Review: Everybody has a story… These are ours…

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Everybody has a story... These are ours...
Everybody has a story… These are ours… by Audrey N. Lewis
My rating: 3 of 5 stars

This author has one of those rare “ears” for the beauty in words, sentences, and ideas. “The Closet” is reminiscent of We Need to Talk About Kevin, and “Chamele’s Rules” is reminiscent of The Help. My favorite story, that is, the most deeply disturbing and darkly beautiful, was “Fading Frost.” It was also the most troublesome. It never held my suspension of disbelief. Both the characters’ actions and complacency seemed contrived to fit the desired plot, but the plot itself was original and harrowing. Two of my favorite sentences in the book:

Between them they had 11 children, three grandchildren, five dogs, two cats, a bird and had been married 138 years.

I wonder who you complain to, or to whom you file a report, when for four days in a row the weathermen are wrong.

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Review: Pieces Like Pottery: Stories of Loss and Redemption

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Pieces Like Pottery: Stories of Loss and Redemption
Pieces Like Pottery: Stories of Loss and Redemption by Dan Buri
My rating: 5 of 5 stars

I am so pleased to see so many positive reviews of this first publication by new author Dan Buri. I have always gravitated toward short stories, and this collection is so unique it beckons a new kind of reader. The stories are intimately yet subtly connected, giving both a feeling of cohesion, and that slightly thrilling feeling of spying a little clue that reveals how two characters from two separate stories are connected. In that way the author has structured it almost as a mystery novel, challenging the reader to pick up the individual pieces of the story and piece them together into a grander whole. Where it differs from a novel is of course, each story is self-contained and standalone, with a consistent, separate plot and point. But just as importantly, it differs from a typical short story collection in the following way: Each story follows the overarching theme, each story fits together into a larger story the reader is challenged to uncover, and most importantly of all, there really is no “strong” or “weak” story in the collection. In most collections, the reader will typically find at least one story they “liked best” and one they “didn’t get” at all. Not here. I can honestly say there isn’t a single bad or lacking story in the collection, and likewise, no single story dominates the collection or stands head and shoulders above the rest.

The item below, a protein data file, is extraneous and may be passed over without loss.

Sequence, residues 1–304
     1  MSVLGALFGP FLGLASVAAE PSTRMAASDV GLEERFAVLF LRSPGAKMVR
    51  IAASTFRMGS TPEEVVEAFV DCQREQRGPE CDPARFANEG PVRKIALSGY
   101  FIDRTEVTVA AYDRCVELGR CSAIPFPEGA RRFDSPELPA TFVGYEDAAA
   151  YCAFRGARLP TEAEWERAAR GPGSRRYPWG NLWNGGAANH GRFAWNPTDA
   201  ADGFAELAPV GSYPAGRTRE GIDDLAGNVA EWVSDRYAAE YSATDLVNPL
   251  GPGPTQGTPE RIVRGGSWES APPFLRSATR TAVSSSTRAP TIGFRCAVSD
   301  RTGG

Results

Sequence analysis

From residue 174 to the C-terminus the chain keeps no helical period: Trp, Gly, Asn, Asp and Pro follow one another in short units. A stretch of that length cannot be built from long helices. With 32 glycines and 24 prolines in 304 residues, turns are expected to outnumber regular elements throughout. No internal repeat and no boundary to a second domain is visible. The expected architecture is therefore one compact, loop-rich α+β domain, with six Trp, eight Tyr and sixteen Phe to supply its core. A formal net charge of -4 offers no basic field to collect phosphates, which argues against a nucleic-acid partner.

I welcome Mr. Buri to the community of creative writers, slightly surprised by the depth and originality of this first work. I am happy to have discovered this new voice and I hope to see more out of him in the future, hopefully something completely different, exploring a completely new avenue, and equally challenging and original. Mr. Buri reveals within himself a commendably deep emotional intelligence, the ability to convey grief, heartache, troubled love, healing, empathy, and a host of other equally difficult emotional wells to draw from. He deals with themes ranging from a parent losing a child, to a husband and wife taking a break, to a false criminal accusation, to visiting an ailing childhood mentor, without ever breaking pace or compromising that steady drumbeat of a moody atmosphere he’s created and maintained in this work. This is an author with lots of potential, and bravo for his first work.

* I received a free copy from the author in exchange for an honest review. *

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Review: London Tsunami & Other Stories

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London Tsunami & Other Stories
London Tsunami & Other Stories by Jaq Hazell
My rating: 5 of 5 stars

Looks like I have the honor of writing the first review. This is an excellent collection by an excellent writer and I look forward to reading more of her stuff. I’ve been focusing a lot more on indies lately, with mixed results. I’ve found in London Tsunami exactly what I’ve been looking for, though: extremely talented contemporary short story authors, the modern, living, active writers with the very real potential of joining the greats.